Bowie sings long, meandering lines that he severs with shouts and mutters. It’s an even more bizarre and mannered performance than “Joe the Lion”—there’s the ranted-out “I’m under Japanese influence and my honor’s at STAKE!” or, even crazier, the lines where Bowie seems to be attempting a New York accent: “I’m getting some SKIN EXPOSHUH to the BLACK-OUT!”

“Blackout”‘s lyric was another live-at-the mic production, though the lines are so deliberately random that it’s likely Bowie did some cut-up experiments to get a few of them. The lyric is said to be inspired by all sorts of disasters, like Bowie, agitated after the appearance of his wife Angie, passing out from drink and being hospitalized in late 1976. Bowie, perhaps mischievously, later said the song was a reaction to the New York City power outage of July ’77. And “Blackout” feels like an urban song, all crowds and paranoia, with the streets of Berlin subbing for the purgatorial Los Angeles of Station to Station or “Always Crashing in the Same Car.”

Still, delving too much into the ways and means of the lyric seems beside the point. In the final mix, Bowie’s vocal, often harried by Fripp’s guitar, is just another contributor of incidental noise, the equivalent of one of Eno’s synthesizer lines; it’s one more signal in an overloaded frequency.

Recorded July-mid-August 1977, Hansa, Berlin. The version from Philadelphia, May 1978, collected on Stage, is arguably the definitive version of the song: Bowie’s vocal is tremendous and Davis sounds like a monster.

Note: most of the information on the recording of “Heroes” is from various interviews Tony Visconti has given over the years (particularly one with Sound on Sound in 2004) as well as his autobiography.

Top: The Burger Bistro adapts to the New York City power outage, 13 July 1977.


Joe the Lion

April 22, 2011

Joe the Lion.
Joe the Lion (live, 1983).
Joe the Lion (remix, 1991).
Joe the Lion (live, 1995).

“Heroes” gets less critical respect than its sister record, Low,* despite the two’s comparable qualities, despite “Heroes” having the epic title-track single, despite “Heroes” being the only album of the so-called “Berlin trilogy” to actually be recorded in Berlin. Like eldest children, Low made its silver by coming first: “Heroes,” with a similar sequencing (“pop songs” side A/”ambient” side B) and released just ten months after Low, couldn’t help but seem like Low Pt. 2. It’s also an even more abrasive, more manic record than Low, reflecting the speed and random methods of its creation.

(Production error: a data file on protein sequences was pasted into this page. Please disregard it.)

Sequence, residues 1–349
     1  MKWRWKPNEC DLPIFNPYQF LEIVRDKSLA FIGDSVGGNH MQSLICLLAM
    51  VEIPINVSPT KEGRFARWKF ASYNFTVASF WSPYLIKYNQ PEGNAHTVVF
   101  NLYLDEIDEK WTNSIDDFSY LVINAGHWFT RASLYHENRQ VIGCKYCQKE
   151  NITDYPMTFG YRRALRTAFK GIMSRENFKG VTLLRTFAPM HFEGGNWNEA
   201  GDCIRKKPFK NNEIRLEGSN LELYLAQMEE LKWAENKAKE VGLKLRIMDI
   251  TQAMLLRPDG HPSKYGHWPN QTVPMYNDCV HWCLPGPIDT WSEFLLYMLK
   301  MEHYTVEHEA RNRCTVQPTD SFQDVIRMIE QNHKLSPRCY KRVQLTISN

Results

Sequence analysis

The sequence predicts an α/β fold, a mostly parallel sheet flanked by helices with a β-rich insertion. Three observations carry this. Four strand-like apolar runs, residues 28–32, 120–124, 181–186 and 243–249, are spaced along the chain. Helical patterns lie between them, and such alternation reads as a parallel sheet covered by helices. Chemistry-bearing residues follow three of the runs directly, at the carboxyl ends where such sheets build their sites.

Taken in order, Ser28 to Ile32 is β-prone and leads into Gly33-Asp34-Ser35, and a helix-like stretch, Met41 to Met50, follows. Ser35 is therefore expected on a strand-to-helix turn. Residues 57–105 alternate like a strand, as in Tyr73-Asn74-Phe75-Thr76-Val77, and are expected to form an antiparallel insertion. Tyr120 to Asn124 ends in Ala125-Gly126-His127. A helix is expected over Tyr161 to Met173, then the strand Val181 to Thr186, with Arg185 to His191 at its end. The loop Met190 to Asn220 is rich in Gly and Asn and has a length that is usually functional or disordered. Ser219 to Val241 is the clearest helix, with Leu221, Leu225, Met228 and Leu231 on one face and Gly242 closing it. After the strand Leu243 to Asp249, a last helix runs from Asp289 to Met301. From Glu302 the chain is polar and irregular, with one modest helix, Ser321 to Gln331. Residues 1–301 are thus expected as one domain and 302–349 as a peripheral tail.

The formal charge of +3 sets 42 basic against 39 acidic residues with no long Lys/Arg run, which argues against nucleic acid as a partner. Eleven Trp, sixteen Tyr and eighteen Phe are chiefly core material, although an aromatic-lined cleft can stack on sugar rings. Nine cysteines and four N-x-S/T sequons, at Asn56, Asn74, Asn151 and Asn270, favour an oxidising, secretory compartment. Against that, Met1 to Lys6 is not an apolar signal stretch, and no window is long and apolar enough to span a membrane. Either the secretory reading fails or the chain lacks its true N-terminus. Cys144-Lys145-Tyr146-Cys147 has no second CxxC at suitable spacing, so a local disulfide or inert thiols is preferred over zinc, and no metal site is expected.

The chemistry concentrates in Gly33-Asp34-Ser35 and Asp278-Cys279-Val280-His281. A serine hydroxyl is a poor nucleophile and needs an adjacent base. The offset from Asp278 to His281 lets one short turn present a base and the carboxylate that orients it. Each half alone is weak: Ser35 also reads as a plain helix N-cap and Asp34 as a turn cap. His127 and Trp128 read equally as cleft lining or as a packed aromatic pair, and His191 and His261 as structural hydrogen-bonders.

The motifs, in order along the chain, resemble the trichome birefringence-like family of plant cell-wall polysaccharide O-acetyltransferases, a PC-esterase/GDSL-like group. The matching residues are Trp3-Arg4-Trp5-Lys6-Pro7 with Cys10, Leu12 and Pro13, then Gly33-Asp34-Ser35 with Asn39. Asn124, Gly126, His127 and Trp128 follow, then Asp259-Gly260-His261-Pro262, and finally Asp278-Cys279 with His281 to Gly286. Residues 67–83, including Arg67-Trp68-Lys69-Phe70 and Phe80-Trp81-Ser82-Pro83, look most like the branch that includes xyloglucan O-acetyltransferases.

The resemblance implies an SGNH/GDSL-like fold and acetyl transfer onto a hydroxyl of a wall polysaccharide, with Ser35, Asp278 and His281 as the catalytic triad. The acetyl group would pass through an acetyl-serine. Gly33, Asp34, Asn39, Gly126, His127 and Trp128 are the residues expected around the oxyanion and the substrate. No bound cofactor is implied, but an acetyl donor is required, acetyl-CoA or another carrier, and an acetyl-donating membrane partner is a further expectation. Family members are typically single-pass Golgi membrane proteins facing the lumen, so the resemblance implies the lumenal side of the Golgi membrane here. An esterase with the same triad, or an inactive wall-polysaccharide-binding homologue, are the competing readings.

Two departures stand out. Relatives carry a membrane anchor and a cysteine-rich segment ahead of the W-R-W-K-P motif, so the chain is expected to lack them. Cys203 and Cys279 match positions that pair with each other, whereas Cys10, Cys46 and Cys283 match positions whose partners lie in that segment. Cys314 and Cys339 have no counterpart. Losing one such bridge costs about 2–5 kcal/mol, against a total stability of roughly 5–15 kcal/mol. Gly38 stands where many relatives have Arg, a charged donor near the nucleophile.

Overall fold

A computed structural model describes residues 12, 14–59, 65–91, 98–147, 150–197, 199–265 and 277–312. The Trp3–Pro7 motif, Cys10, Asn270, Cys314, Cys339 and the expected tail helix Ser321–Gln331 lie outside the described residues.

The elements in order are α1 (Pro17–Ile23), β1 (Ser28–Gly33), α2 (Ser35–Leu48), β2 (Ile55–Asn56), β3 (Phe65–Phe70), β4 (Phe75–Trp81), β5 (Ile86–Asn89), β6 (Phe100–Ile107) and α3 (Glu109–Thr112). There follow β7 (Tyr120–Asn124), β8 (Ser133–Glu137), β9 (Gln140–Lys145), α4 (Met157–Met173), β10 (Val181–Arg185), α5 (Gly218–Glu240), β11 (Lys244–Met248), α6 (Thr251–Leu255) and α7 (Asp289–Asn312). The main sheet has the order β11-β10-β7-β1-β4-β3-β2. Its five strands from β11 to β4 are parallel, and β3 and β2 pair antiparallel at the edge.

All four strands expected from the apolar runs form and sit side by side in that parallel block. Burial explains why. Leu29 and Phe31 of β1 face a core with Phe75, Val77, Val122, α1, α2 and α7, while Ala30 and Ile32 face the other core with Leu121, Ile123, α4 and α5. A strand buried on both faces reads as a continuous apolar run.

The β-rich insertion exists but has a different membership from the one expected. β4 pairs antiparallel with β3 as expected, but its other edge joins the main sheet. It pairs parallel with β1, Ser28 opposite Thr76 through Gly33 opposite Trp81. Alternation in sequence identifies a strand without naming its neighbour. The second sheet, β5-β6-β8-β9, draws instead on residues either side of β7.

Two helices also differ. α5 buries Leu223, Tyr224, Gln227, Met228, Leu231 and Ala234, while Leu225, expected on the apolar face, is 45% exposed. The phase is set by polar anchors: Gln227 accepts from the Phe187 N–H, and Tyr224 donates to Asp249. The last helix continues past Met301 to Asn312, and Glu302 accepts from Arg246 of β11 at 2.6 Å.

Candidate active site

Heroes” was the closest Bowie ever came to making a free jazz record. The rhythm tracks, cut by Bowie’s usual marksmen Carlos Alomar, Dennis Davis and George Murray, were nearly all single takes, taped over two or three days at the start of the sessions, and were cut live at Hansa in its cavernous Tonstudio 2, a room once used for Nazi Party functions, and with a control-room view of the Wall. Bowie, building on the keyboard work he’d done on Lust for Life and the first Iggy tour of 1977, did all the piano tracks himself.

The rhythm tracks came out of jam sessions and a series of in-studio rehearsals, much of which Tony Visconti taped in their entirety, marking whenever he heard a good riff or interesting chord progression. The speed of the work stunned even Brian Eno, who later said he was bewildered that it could be so easy, and the pace continued with the overdubbing.

Robert Fripp flew in one evening from New York, sat down in the studio, plugged his guitar into Eno’s EMS synthesizer and added lead lines to tracks that he’d never heard before, not knowing any of the chords, and getting only oblique advice from Bowie (who’d yet to write lyrics or vocal melodies). His work completed over about six hours (all of the lead guitars on “Heroes” and five other tracks, including “Joe the Lion”), Fripp left Berlin a day later. He didn’t even have time to get a drink.

Art doesn’t have a purpose. It’s a free spot in society, where you can do anything.

Chris Burden.

Bowie said he wanted on “Heroes” to discard narrative or anything resembling “real life” in his lyrics, but “Joe the Lion” was clearly inspired by the American body artist Chris Burden, notorious for such works as being bolted to a gallery floor between two buckets of water, each with a live 110-volt electric line submerged in it, so that a viewer could, if they wished, kick over a bucket and kill Burden (Prelude to 220, or 110, 1971); being crucified on the hood of a Volkswagen (Trans-Fixed, 1974); and having his friend shoot him in the arm with a .22 rifle (Shoot, Santa Ana Gallery, 1971). (Bowie references the latter two works in his lyric.)